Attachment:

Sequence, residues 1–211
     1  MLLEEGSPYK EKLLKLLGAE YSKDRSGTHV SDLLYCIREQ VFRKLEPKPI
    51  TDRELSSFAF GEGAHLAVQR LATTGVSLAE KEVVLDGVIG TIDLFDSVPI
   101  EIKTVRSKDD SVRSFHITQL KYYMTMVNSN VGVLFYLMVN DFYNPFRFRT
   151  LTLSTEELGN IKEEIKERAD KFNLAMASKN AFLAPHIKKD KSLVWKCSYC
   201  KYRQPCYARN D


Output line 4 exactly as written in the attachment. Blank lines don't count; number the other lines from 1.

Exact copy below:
   101  EIKTVRSKDD SVRSFHITQL KYYMTMVNSN VGVLFYLMVN DFYNPFRFRT